Shed Antler Hunting: An Inviting Sport for Everyone
The following article was submitted by Amy Kuchenbecker of Ohio.
June 26, 2017
Source: UKC Field Operations Department
New to UKC in 2017, the sport of shed antler hunting has become increasingly popular. The UKC Elite Shed Dog Series is an excellent way for families and their canine partners to hit the woods and enjoy the great outdoors together. There are many women active in the sport of shed hunting, and those competitors are encouraging like-minded women to bring their dogs and join the fun!
The following article was submitted by Amy Kuchenbecker of Ohio. Amy and her husband, Scott, own Blue Clay Kennels, LLC., and compete regularly in shed dog events.
Have you noticed that there are more women breaking into the hunting industry? Ads for womens apparel, footwear and firearms exclusively designed for the female hunter are more widespread. In the male-dominated industry of hunting, women are starting to make their presence known, and in one specific sport they are coming on strong. From whelping the litters, starting young dogs, or on the competitive circuit as handlers and trainers, women are becoming more visible in the shed antler dog world. These women and dogs come from all different avenues of the dog world. Anywhere from waterfowl and upland, dock diving, rally and obedience, hunt test and field trial or just companion dogs. Labradors and Chesapeake Bay Retrievers, English Cocker Spaniels, German Shorthair Pointers and even mixed breeds can be suited for the sport of shed antler hunting if the dog has the retrieve desire and a good nose.
At Elite Shed Dog Series events, dog and handler work together in search of shed deer antlers. Once the dog is verbally released the competitor's time shall start. Time will stop when the final shed is satisfactorily delivered in accordance with the class rules.
Tonette May of Big River Antler Passion in Wisconsin has trained both her Labrador and English Cocker Spaniel herself. She loves the fact that she has another job for her dogs. She feels all the hard work has paid off when they come back with a shed antler. Tonette also competes with her dogs in the shed dog competitions and shares pictures of their accomplishments on social media in hopes that the sport will continue to grow.
Many women enjoy the sport with their partners. Whitney Miller of River Stone Kennels, Kimberly Schlomann of Bear Creek Chessies and Brittany Beyer, all of Wisconsin; and Rusti Henderson of Indiana were introduced to shed hunting with their dogs by their husbands and see it as a wonderful way to spend time together. Heather W. of Ohio feels it is another way for her high drive dog to expend his energy. All feel a sense of enjoyment when out in the woods with their dog, taking in nature and time spent with family and friends. Liz Milano of Ohio trains hunt test dogs at Grain Driver Labs and has taken up shed antler hunting with her personal and client dogs. She feels its a great way to make the dogs multi-purpose.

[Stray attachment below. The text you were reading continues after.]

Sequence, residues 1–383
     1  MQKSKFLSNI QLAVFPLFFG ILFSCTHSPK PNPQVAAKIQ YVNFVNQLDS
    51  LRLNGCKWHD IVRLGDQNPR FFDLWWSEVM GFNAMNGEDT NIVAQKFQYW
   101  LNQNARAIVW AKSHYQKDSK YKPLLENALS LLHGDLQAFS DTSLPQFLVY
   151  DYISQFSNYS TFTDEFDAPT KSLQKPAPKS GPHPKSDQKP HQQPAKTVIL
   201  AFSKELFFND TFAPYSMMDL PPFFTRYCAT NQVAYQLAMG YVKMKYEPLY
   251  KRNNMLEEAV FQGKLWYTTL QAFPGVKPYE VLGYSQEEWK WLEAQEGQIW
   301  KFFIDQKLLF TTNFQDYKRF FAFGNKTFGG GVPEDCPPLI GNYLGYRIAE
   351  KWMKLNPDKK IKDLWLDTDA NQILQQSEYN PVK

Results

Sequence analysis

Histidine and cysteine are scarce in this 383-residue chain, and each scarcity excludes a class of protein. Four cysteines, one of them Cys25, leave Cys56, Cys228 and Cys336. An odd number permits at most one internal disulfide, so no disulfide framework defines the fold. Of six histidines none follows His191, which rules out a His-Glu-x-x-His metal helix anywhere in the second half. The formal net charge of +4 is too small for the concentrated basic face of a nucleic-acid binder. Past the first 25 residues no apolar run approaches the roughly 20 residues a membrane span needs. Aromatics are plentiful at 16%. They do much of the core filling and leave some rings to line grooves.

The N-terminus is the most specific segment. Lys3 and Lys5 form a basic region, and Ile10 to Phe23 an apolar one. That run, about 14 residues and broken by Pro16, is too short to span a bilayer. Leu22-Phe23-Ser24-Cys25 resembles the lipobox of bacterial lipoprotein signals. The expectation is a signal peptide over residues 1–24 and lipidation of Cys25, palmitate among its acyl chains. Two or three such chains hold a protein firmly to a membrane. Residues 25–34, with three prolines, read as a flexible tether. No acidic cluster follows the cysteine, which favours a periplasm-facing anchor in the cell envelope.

The UKC Elite Shed Dog Series also has special categories for youth involvement.
Many women are spreading the word of shed antler hunting through social media by posting pictures of their finds with family and friends and their many accomplishments on the competitive side also. Some educate the public on shed antler hunting with their dogs through seminars at their local retriever and hunting related clubs, and events at larger outdoors and agricultural stores.
Working Shed Hunter Class dogs must deliver to the immediate area of the handler but are not required to deliver to hand. Champion and Elite class finds must be delivered to hand.
This sport is a great way to get out of the house and into the woods with children or grandchildren. The intimidation of handling a firearm or harvesting an animal deters some women from hunting with their dog, but that is not the case with shed antler hunting. A good pair of hiking boots, plenty of energy and a trained shed dog is all you need. So, come on, ladies! There are many women and clubs in different areas of the country that can give tips and advice on getting into this great sport.
A Kalamazoo, Michigan-based company founded in 1898, United Kennel Club is the largest all-breed performance-dog registry in the world, registering dogs from all 50 states and 25 foreign countries. Celebrating the unique Total Dog philosophy, UKC events highlight the instincts and heritage of dogs that look and perform equally well, as more than 60 percent of its annually licensed events are tests of hunting ability, training, and instinct. United Kennel Club prides itself on its family-oriented, friendly, educational events, welcoming both purebred dogs and dogs of unknown ancestry.